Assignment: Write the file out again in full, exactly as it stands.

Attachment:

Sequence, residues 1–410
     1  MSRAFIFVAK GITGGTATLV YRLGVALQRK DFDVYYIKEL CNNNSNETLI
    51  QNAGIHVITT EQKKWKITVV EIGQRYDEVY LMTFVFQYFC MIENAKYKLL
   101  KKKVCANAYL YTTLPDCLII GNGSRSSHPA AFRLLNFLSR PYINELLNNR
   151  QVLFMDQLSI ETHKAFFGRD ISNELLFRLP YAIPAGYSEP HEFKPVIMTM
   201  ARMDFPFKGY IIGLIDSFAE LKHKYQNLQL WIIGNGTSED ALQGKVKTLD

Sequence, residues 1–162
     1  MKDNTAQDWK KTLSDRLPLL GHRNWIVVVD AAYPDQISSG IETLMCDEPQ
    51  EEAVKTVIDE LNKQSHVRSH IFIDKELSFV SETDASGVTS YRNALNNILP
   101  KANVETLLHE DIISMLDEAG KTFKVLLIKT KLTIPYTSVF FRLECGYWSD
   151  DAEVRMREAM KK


Sequence, residues 1–410
     1  MSRAFIFVAK GITGGTATLV YRLGVALQRK DFDVYYIKEL CNNNSNETLI
    51  QNAGIHVITT EQKKWKITVV EIGQRYDEVY LMTFVFQYFC MIENAKYKLL
   101  KKKVCANAYL YTTLPDCLII GNGSRSSHPA AFRLLNFLSR PYINELLNNR
   151  QVLFMDQLSI ETHKAFFGRD ISNELLFRLP YAIPAGYSEP HEFKPVIMTM
   201  ARMDFPFKGY IIGLIDSFAE LKHKYQNLQL WIIGNGTSED ALQGKVKTLD

Sequence, residues 1–162
     1  MKDNTAQDWK KTLSDRLPLL GHRNWIVVVD AAYPDQISSG IETLMCDEPQ
    51  EEAVKTVIDE LNKQSHVRSH IFIDKELSFV SETDASGVTS YRNALNNILP
   101  KANVETLLHE DIISMLDEAG KTFKVLLIKT KLTIPYTSVF FRLECGYWSD
   151  DAEVRMREAM KK